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Gill Castle’s Journey: From Ostomate to Charity Founder

Gill when she was pregnant, wearing a flowery summer dress and standing next to a wooden-clad wall

Following a traumatic birth in late 2011, I underwent colostomy surgery and was subsequently medically retired from my job as a police officer due to my poor mental and physical health resulting from the birth injuries.

Initially struggling with acceptance and facing challenges such as constant bag leaks, I discovered the Dansac Novalife TRE ™ convex bag, which provided a good fit and gave me the confidence to embrace living with a stoma. I set out to prove that having an ostomy wasn’t going to hold me back. You can listen to my podcast journey here – Empowering You to Own Your Journey.

I started with indoor cycling classes, progressing to triathlons, a half ironman in 2017, and a 105-mile endurance race across Scotland. I jumped out of planes, completed the National 3 Peaks in 24 hours, qualified as a scuba diver, and became the first person in the world to solo swim the English Channel with a stoma!

During my Stoma Chameleon awareness campaign in 2021, I discovered a group of women at the Gynocare & Fistula Hospital, Eldoret, Kenya, who had stomas as a result of fistula surgery but did not have access to stoma supplies. Instead of stoma bags, they were using plastic bags or pieces of cloth.

Supporting Female Ostomates in Kenya

I set up my charity, Chameleon Buddies in 2022 to help support these ladies adapt to living with their ostomies, including supplying stoma bags and peer support groups. There is a huge degree of stigma among Kenyan communities around living with a stoma, compounded by a lack of understanding of the needs of ostomates and limited access to stoma bags for patients. Ladies reported relationship breakdowns, loss of employment and, in extreme cases, the removal of their children because of the taboo surrounding ostomies.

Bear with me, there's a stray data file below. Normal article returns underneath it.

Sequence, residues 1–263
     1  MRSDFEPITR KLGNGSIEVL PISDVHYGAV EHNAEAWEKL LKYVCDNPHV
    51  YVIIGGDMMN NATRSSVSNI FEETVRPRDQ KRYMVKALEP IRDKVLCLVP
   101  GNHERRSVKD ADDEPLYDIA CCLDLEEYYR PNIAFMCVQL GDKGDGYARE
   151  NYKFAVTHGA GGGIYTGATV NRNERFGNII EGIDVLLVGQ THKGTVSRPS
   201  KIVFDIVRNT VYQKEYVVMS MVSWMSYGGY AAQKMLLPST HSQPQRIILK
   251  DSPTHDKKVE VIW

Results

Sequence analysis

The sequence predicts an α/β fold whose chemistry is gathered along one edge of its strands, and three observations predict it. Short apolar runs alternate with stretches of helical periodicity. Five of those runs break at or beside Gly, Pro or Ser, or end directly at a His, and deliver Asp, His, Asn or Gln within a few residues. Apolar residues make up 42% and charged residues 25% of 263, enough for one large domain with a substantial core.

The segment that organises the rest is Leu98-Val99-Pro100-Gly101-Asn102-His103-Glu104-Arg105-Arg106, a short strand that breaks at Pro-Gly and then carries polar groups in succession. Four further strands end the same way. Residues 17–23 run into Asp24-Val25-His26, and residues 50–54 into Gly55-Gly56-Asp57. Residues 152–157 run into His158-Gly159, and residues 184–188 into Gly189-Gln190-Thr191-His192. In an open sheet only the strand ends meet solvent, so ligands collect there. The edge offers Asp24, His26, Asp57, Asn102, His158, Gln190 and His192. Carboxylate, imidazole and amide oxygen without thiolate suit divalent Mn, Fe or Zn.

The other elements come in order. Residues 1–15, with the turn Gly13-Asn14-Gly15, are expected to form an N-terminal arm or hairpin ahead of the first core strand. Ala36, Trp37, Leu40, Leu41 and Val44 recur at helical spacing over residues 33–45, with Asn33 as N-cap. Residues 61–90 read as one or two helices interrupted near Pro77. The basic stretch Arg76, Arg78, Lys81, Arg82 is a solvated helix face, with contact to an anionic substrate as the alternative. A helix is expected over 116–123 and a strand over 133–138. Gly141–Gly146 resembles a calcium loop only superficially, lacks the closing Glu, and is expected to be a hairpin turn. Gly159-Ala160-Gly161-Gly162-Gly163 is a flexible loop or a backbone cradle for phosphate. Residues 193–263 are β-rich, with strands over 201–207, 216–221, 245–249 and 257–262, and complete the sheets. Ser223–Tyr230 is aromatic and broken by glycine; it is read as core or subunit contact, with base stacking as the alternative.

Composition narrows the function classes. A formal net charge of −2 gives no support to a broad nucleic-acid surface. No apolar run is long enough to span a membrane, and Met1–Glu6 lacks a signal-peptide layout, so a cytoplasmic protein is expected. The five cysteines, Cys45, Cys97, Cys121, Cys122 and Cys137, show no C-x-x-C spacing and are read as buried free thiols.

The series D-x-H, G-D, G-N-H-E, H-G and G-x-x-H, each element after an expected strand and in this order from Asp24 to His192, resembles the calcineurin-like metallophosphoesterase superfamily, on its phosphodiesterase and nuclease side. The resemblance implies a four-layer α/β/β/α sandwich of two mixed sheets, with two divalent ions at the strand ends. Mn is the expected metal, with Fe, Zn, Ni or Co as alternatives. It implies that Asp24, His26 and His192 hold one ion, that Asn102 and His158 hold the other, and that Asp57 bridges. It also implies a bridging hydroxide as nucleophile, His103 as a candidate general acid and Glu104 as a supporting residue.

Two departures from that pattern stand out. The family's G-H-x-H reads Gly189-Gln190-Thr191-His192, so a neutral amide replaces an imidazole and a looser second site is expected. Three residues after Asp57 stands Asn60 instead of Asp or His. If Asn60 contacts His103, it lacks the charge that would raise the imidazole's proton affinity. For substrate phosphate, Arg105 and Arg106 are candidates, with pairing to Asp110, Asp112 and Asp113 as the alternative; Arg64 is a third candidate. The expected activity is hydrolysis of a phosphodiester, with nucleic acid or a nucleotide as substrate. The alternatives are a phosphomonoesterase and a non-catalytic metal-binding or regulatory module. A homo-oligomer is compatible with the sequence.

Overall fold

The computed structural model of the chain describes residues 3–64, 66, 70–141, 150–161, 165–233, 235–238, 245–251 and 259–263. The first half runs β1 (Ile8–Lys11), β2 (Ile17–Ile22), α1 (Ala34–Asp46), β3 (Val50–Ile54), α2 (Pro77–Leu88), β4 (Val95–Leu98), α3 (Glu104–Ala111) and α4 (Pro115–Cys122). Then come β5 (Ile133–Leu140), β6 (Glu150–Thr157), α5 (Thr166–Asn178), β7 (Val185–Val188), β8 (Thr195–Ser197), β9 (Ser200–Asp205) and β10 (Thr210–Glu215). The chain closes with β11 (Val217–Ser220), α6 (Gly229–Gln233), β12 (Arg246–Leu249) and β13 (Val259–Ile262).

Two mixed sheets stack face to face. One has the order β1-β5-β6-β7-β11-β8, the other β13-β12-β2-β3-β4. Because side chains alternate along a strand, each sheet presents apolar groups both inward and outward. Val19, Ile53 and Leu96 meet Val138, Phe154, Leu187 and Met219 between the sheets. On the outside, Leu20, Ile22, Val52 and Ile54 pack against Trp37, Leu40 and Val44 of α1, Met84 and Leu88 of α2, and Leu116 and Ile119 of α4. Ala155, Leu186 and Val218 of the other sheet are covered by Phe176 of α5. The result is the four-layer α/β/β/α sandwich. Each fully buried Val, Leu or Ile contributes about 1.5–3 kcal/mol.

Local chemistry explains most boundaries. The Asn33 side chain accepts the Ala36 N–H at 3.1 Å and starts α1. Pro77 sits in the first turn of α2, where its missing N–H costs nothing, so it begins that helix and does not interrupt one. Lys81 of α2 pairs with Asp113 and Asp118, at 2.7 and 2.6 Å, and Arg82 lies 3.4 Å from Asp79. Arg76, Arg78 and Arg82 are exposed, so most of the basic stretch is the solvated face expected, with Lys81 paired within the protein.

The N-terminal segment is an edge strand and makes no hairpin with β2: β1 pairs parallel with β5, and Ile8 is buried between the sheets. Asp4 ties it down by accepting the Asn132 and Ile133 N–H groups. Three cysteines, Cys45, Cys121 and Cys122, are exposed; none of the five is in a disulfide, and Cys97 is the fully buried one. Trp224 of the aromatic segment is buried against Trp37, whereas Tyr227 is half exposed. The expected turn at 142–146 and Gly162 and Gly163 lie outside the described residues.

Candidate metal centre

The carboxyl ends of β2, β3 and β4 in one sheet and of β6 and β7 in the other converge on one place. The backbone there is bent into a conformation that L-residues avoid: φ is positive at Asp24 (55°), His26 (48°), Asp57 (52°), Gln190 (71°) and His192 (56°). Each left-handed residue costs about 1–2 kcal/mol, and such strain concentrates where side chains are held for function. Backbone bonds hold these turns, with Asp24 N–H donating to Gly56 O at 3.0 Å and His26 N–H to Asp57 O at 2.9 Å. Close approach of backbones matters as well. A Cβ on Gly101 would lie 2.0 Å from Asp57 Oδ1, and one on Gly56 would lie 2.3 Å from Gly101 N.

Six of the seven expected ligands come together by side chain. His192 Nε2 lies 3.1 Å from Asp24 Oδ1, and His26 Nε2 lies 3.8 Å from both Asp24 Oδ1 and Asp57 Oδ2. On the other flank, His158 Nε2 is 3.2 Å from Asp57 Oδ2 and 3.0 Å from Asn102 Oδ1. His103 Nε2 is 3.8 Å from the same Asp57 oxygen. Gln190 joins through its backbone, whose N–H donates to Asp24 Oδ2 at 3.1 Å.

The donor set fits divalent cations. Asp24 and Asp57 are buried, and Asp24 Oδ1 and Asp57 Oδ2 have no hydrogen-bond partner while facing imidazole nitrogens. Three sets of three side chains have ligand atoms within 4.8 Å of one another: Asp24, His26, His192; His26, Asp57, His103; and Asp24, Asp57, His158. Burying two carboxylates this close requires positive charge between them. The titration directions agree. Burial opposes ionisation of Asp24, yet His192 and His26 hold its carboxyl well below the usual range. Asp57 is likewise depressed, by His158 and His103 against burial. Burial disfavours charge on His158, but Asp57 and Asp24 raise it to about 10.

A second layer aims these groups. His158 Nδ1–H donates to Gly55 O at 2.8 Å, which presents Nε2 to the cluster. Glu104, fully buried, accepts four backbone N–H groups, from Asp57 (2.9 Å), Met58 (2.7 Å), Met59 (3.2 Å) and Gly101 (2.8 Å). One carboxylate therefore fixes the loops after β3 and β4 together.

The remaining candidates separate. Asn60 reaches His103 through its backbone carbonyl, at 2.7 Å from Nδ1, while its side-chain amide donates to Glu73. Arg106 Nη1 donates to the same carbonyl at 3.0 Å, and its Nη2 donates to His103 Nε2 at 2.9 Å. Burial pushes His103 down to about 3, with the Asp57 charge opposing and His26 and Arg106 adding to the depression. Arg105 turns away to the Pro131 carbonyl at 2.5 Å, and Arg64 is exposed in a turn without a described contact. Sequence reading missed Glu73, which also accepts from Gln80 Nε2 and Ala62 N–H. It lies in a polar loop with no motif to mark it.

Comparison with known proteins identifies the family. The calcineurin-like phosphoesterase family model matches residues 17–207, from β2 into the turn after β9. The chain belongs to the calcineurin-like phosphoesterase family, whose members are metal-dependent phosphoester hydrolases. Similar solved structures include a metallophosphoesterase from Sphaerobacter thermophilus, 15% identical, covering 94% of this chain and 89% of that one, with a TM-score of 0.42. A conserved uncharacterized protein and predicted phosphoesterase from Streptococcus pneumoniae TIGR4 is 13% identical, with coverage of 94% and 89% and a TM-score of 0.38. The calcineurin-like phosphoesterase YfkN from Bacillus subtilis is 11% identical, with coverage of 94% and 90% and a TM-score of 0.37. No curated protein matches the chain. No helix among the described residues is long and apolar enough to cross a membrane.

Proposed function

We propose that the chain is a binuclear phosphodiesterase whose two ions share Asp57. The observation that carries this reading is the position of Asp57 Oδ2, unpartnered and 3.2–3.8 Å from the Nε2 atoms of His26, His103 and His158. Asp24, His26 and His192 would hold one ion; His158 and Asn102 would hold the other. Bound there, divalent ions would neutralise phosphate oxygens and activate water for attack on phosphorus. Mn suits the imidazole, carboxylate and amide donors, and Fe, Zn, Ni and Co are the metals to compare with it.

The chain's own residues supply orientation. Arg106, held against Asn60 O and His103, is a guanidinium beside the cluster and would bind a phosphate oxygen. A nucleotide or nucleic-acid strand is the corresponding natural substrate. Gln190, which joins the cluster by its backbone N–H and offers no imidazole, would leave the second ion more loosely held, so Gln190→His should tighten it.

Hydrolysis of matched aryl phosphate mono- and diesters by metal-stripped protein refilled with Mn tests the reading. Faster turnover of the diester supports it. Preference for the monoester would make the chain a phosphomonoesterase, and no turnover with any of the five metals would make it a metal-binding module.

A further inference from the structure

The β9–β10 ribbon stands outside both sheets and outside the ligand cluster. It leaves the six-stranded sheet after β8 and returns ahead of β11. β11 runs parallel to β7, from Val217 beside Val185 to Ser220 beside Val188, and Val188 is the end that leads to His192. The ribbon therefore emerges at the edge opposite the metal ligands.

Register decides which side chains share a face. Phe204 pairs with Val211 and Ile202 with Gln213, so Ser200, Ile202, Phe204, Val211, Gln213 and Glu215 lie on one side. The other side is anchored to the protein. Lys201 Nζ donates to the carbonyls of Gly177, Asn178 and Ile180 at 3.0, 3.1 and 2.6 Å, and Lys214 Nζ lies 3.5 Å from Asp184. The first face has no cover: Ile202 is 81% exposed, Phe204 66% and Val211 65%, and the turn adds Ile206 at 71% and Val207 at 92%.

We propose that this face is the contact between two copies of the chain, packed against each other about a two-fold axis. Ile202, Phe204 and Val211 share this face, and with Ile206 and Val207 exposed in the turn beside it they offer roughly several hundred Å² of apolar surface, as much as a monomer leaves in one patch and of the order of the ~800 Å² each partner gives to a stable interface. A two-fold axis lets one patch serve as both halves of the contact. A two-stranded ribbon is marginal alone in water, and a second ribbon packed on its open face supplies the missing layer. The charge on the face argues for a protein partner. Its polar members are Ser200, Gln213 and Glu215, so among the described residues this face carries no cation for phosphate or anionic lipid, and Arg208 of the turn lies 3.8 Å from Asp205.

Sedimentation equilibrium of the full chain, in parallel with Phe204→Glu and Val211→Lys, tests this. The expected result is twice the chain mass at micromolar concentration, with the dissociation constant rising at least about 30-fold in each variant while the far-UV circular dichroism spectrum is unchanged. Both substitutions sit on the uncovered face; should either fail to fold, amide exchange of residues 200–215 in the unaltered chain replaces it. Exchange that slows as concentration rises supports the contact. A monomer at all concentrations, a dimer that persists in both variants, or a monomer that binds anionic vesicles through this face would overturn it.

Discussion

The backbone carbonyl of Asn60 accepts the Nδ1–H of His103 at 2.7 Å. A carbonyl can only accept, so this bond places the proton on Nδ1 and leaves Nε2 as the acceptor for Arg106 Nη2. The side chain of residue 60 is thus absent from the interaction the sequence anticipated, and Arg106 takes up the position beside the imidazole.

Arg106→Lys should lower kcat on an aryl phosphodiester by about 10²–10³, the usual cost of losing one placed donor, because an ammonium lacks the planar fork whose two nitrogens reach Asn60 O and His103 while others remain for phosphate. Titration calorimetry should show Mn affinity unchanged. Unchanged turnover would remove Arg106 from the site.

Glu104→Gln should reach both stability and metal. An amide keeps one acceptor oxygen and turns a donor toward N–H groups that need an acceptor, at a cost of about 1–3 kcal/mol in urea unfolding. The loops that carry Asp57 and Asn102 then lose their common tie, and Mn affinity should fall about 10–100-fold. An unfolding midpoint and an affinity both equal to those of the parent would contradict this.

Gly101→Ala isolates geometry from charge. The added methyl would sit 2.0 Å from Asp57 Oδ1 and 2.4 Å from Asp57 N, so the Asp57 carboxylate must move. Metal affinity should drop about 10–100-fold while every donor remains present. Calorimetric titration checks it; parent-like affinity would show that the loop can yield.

In July 2021, I flew out to Eldoret, Kenya, to run a peer support group and a fact-finding mission to discover the unmet needs of the patients at the GynoCare Centre and run a peer support group.

In November 2023, my team and I flew to the hospital in Eldoret, bringing with us Dansac Specialist Stoma Care Nurse Claire Ryan. Claire ran a weeklong stoma clinic, assessing each lady and assisting the team in organising their supplies in the hospital. One patient was discovered wearing a plastic bag attached to a dirty seal, loosely tied to her waist with a fraying piece of string. This was to manage her urostomy.

One of the most important aspects of the work carried out by Chameleon Buddies is the education of the female patients and the team of nurses and social workers in the hospital on all elements of living with a stoma. A 5-day peer support workshop was facilitated at the hospital educating the ladies on a range of ostomy needs, such as skin health, diet advice, and correct stoma baseplate measurements. An additional workshop was held on the creation of washable sanitary towels, with the charity supplying enough materials for each lady to make 10 pads. This is an essential item to enable the ladies to manage living with their ostomies with dignity.

Gill Castle in Kenya with fellow Chameleon Buddies colleagues and one of their advocates, a little girl from Kenya

Creating a Sense of Belonging & Community

Chameleon Buddies has now run two extensive peer support group weeks for the girls and ladies at the Gynocare hospital, with the next group in November 2024. The groups bring together patients from across the whole of Kenya, the vast majority of whom never have heard of, let alone met, another ostomate. The sense of belonging and community fostered during these support weeks is one of the highlights of the week for all the ladies attending. The charity employs one of the ostomates, Pastoress Rose, as a roving ostomy ambassador, holding support meetings in local villages. A group WhatsApp chat was set up in 2023 to maintain friendships and connections made between the ladies.

Chameleon Buddies has transformed the lives of these Kenyan ostomates, who now feel empowered to embrace living with their ostomies, secure in the knowledge that regular stoma supplies are assured. They have friendships with fellow ostomates and an annual clinical assessment with a UK stoma nurse.

A BBC Documentary, The Stoma Swimmer, showcases the positive impact of these trips. It is a far cry from plastic bags and ostracisation. You can watch the documentary here – The Stoma Swimmer.